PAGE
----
by Stevie Hall*In 2009, General Motors (GM) faced bankruptcy. Since then, GM has been out of the spot light, but because of a Texas couple (along with many other cases), GM is now facing a new misfortune. Over 31 accidents and 13 deaths have been allegedly linked to a faulty ignition switch that GM produced in several cars, namely the Chevy Cobalt and Saturn Ion.
Thursday, a federal judge denied the “Park It Now” motion filed in a lawsuit Charles and Grace Silvas of Texas. This motion sought to require GM to inform their buyers of the faulty ignition switch, and ask them to park their cars until the switch is fixed. However, according to Judge Nelva Gonzales Ramos of United States District Court in Corpus Christi Texas, the National Highway Traffic Safety Administration (N.H.T.S.A.) is able to handle complex situations like this better than the court, and has “primary jurisdiction over the issue.” A safety consultant, Allan Kam, who retired from N.H.T.S.A said he found nothing in his research that would require GM to ask their buyers to stop driving their cars.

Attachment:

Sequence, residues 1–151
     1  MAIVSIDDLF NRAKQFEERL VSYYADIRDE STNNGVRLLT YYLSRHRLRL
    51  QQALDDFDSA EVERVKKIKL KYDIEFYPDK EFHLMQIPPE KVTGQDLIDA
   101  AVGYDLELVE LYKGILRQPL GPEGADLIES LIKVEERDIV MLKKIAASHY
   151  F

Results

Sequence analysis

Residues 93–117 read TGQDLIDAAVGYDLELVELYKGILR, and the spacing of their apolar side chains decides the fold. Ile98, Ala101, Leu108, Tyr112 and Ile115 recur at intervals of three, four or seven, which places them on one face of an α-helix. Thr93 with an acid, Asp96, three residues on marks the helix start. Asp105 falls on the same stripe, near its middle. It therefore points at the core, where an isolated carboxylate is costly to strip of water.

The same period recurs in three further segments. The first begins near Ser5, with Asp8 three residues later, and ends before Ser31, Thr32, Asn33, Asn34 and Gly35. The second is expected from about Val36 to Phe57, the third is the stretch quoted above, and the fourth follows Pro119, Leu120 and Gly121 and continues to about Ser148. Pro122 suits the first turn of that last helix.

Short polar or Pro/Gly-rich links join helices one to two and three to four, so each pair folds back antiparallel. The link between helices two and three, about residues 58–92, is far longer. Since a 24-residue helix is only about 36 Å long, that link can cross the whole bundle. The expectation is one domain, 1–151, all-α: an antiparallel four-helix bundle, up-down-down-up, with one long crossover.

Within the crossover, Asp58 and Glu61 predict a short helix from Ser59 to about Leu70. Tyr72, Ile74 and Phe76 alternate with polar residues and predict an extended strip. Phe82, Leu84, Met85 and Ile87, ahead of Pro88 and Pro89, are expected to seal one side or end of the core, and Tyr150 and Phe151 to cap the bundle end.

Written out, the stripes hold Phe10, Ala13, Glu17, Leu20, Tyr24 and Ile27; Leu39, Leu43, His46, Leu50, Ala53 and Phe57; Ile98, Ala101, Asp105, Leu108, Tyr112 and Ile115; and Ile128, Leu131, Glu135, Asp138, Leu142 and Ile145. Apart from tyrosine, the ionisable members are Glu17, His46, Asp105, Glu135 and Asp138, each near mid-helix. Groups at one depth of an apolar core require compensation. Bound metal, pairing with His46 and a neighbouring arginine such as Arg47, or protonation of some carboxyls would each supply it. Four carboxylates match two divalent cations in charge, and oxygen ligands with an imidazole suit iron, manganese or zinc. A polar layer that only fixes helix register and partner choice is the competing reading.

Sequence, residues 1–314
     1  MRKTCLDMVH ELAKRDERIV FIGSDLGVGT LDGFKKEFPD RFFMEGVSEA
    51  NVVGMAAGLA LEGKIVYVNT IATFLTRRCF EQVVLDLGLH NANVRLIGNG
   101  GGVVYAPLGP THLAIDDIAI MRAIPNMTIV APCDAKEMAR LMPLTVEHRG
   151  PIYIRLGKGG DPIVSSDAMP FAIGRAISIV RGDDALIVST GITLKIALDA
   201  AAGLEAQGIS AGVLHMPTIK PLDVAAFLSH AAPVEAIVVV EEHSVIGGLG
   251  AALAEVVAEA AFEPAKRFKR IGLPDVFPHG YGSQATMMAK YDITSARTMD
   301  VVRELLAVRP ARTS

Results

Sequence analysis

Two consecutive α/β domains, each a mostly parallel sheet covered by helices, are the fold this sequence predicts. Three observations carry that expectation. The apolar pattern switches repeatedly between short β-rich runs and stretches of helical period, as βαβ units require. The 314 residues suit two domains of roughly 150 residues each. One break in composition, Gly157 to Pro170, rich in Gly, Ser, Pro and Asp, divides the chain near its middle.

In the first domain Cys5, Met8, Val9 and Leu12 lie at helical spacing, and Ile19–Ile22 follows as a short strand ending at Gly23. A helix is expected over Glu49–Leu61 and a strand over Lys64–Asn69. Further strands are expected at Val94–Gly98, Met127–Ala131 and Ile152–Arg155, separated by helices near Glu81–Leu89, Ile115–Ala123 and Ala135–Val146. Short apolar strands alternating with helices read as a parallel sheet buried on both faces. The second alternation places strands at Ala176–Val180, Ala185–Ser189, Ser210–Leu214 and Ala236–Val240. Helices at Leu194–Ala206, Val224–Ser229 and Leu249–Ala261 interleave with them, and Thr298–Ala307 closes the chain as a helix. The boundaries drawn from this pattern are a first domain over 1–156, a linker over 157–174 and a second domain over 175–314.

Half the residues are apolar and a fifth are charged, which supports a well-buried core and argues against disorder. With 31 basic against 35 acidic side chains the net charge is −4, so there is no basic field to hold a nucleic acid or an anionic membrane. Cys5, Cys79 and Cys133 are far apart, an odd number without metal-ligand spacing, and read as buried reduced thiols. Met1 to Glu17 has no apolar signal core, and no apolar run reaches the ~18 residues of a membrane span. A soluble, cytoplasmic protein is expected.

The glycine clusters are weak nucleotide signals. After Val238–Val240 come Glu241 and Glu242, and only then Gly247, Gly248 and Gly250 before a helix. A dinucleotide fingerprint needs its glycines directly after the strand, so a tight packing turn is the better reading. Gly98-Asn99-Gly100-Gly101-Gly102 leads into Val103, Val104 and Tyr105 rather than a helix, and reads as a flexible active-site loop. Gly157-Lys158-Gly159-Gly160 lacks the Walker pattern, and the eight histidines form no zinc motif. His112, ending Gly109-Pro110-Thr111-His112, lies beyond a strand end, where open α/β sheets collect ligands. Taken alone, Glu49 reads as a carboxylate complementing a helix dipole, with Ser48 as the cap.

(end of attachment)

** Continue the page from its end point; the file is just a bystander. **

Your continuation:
According to the New York Times, if the ignition switch is jostled, it could cause the car’s power steering and brakes to shut down, as well the air bags to be disabled. Currently 2.59 million cars to be recalled. The purchase date of the car is important. For cars bought before July 10th 2009, the recall and legal claims will have no effect. This is because of GM’s bankruptcy. GM is using Chapter 11 of the Bankruptcy Code to bar legal action for cars before this date. The Code allows corporations and partnerships to reorganize, especially for companies that begin to dwindle out, but will try to repay creditors over time. The New York Times notes that GM asked a federal bankruptcy judge to reaffirm the protection they have under Chapter 11.
This is just the beginning of what may be many long legal battles for GM. The company is facing a hefty amount of cases for personal injury, economic damages, and wrongful deaths. If you do own one of the aforementioned vehicles, visit the following website for more information regarding the next steps to take: http://www.gmignitionupdate.com/. If you have been faced with a similar situation, contact our office at 936-294-1717, email@example.com, or www.shsu.edu/legalservice to schedule an appointment, and let us point you in the right direction.